NVIDIA announced that multiple server vendors are leveraging its GPU accelerators to launch the world's first 64-bit ARM development systems for high performance computing. The company made the announcement at the International Supercomputing conference (ISC14) in Leipzig, Germany, earlier this week.
"NVIDIA has built the industry's most comprehensive accelerated computing platform -- including servers, software, development tools, processors and related technologies -- optimized for the HPC industry," said Ian Buck, vice president of accelerated computing at NVIDIA. "GPUs are the enabling technology that allow server vendors to build HPC-class systems around flexible ARM64 processors. The result is new highly innovative computing solutions for HPC (High Performance Computing)."
Door Into HPC for ARM server processors
ARM chips are used predominantly in smartphones and embedded devices, but there has also been some adoption of the low-power chip architecture -- licensed to manufacturers by UK's ARM Holdings -- in the server market. Now, with NVIDIA's CUDA parallel programming platform and its GPUs doing the heavy lifting, ARM64 is able to take on HPC-class workloads, according to the chip maker.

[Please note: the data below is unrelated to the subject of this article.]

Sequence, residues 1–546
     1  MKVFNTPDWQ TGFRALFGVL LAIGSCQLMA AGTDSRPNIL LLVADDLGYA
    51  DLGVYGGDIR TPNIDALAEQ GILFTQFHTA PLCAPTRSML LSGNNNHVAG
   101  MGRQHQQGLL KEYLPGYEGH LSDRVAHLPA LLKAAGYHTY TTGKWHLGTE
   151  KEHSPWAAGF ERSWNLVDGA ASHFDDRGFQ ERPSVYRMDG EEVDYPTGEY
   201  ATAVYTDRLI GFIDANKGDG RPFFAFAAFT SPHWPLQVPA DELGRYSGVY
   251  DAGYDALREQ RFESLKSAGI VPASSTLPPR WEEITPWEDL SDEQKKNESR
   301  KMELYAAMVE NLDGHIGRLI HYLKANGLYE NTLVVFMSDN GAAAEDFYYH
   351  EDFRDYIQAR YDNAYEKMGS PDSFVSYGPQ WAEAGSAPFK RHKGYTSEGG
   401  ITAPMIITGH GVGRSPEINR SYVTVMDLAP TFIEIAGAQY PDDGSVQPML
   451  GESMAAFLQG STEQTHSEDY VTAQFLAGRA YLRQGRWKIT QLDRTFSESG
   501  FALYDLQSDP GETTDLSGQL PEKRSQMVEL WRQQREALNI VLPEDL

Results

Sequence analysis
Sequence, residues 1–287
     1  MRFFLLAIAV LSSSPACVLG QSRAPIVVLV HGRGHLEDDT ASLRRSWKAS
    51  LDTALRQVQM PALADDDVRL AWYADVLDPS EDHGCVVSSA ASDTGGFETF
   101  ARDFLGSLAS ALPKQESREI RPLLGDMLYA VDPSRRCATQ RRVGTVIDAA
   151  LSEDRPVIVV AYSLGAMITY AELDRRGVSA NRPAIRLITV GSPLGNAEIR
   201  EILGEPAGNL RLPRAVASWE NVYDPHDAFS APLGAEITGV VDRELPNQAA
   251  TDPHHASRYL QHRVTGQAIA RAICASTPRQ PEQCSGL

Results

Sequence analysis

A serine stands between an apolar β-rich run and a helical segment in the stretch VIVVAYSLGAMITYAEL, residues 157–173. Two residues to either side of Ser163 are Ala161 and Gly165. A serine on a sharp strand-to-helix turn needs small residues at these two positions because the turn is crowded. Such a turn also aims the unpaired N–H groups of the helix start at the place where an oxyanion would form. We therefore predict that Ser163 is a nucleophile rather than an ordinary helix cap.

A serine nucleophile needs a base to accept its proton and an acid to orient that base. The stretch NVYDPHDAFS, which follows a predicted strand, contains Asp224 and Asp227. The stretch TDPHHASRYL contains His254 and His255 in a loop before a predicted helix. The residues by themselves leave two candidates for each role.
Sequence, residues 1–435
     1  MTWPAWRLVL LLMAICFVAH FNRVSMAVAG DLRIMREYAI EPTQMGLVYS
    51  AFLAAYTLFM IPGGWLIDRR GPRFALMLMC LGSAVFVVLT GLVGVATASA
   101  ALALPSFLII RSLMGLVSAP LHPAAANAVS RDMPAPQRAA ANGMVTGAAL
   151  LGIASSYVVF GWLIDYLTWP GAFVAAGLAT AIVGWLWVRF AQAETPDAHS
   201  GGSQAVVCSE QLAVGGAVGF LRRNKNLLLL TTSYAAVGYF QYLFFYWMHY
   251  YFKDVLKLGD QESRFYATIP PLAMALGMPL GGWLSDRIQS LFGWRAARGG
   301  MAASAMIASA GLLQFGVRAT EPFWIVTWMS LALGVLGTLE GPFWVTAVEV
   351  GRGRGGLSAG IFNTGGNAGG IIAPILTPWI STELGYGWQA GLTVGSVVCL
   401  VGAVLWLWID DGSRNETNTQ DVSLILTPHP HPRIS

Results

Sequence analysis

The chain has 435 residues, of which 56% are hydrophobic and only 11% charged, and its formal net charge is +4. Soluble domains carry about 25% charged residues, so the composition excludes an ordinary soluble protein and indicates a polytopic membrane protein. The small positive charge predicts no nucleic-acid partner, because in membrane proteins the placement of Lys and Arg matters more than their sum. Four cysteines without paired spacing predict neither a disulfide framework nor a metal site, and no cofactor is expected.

Three vendors will incorporate the solution, which consists of Applied Micro's X-Gene ARM64 SoC and NVIDIA Tesla K20 GPU accelerators. NVIDIA's CUDA-accelerated scientific and engineering HPC applications can be recompiled for ARM64 systems to take advantage of the solution immediately.
- Cirrascale: RM1905D, a two-in-one 1U server ARM64 development platform with two Tesla K20 GPUs and one Applied Micro X-Gene 64-bit ARM SoC
- E4 Computer Engineering: a low-power 3U, dual-motherboard server appliance with two Tesla K20 GPU accelerators
- Eurotech: an ultra-high density, energy efficient and modular Aurora HPC server configuration, based on proprietary Brick Technology and featuring direct hot liquid cooling
Applied Micro debuted the X-Gene ARMv8 64-bit Server SoC at this year's Open Compute Summit and demonstrated that it can run production software with OpenStack (Icehouse) release using Ubuntu 14.04 LTS in a KVM virtualized environment on a server last month. At this week's ISC14 Applied Micro announced that the ARM-based X-Gene SoC is finally ready, and that development kits are available immediately, with silicon production set to start soon.
"The availability of accelerated 64-bit ARM servers is one of the most significant developments to hit the HPC market this year," said Earl Joseph, IDC program vice president for HPC. "IDC believes there is substantial interest within the HPC community in evaluating GPU-accelerated 64-bit ARM systems for next-generation computing projects."